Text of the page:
DeFi products are powered by smart contracts, which allow transactions to take place autonomously when certain conditions are met. Smart contracts are made up of blocks of code that live on the blockchain and run in decentralized apps, or dapps, to execute financial activities, according to the logic set up by the developer. 

So for example, a DeFi trading platform could have a smart contract that sells stocks in Coca-Cola whenever the price per share tops $55 and buys more whenever it dips below $50. A sportsbook platform’s smart contract could pay out to betters whenever the Yankees win at home. 

There’s no human decision-making – everything is automated by smart contracts. But smart contracts need just one thing to make everything work: verifiable data. “Oracle” is the name given to an interface that pushes data from any source into the smart contracts, so that they can do their job.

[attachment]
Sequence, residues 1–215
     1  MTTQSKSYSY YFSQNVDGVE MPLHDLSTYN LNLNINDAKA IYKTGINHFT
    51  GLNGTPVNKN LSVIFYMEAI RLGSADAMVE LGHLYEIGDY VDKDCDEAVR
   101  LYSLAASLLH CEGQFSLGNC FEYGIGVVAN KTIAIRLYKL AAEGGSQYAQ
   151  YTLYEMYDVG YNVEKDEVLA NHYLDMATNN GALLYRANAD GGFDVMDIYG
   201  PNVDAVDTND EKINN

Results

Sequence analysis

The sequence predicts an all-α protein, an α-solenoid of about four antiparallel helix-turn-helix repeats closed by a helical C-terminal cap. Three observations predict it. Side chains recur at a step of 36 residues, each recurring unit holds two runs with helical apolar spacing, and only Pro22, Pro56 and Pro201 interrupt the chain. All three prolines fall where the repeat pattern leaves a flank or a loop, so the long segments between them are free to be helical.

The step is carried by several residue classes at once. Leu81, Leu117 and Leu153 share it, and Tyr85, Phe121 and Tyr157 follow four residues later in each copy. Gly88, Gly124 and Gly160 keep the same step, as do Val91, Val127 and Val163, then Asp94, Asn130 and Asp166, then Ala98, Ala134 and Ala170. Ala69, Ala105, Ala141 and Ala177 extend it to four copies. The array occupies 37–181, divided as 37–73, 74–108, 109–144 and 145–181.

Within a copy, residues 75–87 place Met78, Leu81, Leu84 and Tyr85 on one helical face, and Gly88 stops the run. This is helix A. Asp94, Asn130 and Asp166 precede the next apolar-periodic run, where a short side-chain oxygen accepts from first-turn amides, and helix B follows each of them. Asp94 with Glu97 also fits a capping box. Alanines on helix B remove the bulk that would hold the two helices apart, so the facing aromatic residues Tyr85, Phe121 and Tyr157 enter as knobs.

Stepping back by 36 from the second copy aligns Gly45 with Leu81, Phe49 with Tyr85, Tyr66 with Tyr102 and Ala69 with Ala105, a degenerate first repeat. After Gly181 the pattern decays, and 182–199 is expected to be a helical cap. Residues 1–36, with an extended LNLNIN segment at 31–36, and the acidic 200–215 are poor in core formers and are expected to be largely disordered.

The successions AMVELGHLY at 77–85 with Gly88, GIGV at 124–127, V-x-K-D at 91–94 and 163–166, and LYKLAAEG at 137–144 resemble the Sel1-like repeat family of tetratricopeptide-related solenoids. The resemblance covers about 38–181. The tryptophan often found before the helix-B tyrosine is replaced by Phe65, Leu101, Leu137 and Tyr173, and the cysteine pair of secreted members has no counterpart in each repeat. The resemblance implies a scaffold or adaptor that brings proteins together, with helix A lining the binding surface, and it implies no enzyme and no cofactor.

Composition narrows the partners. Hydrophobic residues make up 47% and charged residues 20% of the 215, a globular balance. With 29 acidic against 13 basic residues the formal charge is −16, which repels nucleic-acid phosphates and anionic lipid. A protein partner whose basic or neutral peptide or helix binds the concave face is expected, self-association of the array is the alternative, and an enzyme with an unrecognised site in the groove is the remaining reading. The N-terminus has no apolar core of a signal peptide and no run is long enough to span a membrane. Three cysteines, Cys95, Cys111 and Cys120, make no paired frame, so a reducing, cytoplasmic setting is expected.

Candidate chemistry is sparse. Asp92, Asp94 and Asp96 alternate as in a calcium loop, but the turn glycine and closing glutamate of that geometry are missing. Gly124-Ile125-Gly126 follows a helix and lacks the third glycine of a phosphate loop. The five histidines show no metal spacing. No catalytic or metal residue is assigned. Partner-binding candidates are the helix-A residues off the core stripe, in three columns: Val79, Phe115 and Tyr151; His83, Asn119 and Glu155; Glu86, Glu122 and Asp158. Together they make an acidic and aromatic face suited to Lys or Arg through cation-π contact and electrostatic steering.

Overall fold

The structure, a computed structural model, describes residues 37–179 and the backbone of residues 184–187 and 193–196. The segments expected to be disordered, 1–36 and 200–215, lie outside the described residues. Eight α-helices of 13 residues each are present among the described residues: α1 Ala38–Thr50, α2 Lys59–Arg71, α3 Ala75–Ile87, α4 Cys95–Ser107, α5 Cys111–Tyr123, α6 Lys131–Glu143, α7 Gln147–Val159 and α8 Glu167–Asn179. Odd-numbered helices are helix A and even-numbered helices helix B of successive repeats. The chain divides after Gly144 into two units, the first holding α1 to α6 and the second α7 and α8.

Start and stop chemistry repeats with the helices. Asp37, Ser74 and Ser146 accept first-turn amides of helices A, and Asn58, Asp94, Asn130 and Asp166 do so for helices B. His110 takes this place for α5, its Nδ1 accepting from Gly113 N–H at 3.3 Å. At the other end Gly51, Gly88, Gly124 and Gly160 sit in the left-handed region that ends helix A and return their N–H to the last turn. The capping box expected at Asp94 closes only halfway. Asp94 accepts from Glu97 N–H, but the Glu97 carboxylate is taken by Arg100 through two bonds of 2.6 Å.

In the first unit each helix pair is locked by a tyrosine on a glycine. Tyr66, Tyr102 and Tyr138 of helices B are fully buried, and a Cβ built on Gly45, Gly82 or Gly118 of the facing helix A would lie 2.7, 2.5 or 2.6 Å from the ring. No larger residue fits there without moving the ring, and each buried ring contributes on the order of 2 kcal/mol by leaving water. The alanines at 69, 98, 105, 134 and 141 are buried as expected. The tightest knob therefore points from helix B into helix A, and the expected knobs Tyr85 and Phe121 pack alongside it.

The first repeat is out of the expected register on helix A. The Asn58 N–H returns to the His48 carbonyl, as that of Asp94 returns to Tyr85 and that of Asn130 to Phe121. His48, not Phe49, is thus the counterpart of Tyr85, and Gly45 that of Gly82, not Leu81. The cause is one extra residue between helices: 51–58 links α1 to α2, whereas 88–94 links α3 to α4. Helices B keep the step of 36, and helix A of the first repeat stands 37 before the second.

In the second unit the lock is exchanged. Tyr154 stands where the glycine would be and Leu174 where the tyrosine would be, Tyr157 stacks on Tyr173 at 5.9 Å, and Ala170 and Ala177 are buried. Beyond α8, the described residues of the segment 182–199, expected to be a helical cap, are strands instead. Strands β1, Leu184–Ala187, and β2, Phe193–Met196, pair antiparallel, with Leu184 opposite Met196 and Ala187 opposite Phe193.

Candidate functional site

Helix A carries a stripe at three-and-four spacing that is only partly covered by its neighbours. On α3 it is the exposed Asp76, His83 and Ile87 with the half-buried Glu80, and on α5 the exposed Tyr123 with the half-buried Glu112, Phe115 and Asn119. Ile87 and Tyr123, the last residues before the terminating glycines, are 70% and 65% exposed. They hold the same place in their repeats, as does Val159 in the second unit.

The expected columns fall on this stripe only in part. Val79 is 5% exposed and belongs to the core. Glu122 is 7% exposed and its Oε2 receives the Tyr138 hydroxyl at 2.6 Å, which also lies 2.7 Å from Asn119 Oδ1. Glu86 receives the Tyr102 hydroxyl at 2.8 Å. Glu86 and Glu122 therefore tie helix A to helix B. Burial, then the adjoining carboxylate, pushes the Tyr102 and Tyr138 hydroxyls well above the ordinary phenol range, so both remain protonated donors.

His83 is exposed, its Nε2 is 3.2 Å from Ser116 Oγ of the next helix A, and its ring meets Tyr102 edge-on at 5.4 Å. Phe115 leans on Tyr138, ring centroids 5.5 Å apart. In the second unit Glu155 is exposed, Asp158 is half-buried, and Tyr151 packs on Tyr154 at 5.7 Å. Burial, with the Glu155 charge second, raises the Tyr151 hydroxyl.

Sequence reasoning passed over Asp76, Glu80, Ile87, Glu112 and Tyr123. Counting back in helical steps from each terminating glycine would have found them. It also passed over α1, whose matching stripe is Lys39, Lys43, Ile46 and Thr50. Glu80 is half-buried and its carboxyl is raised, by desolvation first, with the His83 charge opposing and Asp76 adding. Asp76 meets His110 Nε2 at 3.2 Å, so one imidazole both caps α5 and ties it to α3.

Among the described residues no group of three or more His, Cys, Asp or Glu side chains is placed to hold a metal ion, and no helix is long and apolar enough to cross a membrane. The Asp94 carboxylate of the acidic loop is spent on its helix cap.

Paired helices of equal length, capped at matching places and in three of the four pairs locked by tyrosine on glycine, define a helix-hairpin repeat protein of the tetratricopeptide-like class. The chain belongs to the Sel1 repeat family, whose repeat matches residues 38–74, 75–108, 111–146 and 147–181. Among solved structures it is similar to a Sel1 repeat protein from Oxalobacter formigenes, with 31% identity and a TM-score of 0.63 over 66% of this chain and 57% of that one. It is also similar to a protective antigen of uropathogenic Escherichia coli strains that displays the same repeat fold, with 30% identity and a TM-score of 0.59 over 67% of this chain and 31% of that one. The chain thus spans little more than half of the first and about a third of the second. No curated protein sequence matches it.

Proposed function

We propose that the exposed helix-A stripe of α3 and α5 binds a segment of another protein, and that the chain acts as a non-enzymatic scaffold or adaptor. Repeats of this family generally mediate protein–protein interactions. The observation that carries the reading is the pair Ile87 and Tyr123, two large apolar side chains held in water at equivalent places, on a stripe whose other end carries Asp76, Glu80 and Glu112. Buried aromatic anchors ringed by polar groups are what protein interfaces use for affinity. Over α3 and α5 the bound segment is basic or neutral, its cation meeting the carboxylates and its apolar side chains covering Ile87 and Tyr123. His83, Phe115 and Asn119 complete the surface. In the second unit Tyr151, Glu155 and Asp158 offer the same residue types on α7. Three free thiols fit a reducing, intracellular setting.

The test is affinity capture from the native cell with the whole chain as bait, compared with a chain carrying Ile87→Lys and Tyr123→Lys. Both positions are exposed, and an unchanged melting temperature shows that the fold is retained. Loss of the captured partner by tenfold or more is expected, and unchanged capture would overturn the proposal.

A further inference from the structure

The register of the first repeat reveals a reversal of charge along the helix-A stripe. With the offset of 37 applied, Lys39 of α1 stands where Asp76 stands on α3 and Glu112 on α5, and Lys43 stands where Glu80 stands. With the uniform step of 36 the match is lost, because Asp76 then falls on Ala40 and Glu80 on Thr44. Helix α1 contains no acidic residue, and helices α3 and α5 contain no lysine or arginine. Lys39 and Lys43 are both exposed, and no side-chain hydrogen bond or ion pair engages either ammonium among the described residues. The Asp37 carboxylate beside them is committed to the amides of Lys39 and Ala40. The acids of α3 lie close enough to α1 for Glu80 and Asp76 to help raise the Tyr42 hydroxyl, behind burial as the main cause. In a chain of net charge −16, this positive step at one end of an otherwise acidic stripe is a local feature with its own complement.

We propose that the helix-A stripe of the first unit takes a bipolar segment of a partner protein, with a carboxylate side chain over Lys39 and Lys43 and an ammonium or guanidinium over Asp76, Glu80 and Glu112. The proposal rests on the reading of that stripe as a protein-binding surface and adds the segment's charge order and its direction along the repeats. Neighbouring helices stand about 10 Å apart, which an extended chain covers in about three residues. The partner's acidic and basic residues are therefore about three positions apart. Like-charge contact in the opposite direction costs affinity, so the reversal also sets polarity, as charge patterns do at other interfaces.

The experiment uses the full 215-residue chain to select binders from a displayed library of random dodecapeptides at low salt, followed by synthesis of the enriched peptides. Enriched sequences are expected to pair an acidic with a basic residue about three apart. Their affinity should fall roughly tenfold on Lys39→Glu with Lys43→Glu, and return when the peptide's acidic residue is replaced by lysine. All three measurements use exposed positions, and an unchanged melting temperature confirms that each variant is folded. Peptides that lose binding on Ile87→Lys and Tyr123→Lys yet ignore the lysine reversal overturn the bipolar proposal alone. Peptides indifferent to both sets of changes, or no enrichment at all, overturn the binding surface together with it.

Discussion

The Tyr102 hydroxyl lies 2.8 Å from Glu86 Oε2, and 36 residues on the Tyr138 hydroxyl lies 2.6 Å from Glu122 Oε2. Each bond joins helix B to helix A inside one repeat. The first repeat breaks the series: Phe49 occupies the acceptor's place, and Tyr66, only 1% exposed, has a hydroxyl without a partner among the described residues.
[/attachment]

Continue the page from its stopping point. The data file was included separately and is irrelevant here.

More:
The Challenges of an Effective Oracle

Like all automated processes, smart contracts (and thus DeFi platforms) rely on accurate data. Once a blockchain payment has been actualized it can’t be undone, so if an oracle pushes inaccurate data to the smart contract, the money will be sent to the wrong place, and there’ll be nothing that anyone can do about it. 

With so much at stake, malicious actors are bound to try and manipulate or corrupt the data to achieve their own ends, as well as the ever-present concern that a platform could use false data through a simple accident. For this reason, oracles aggregate data from multiple sources.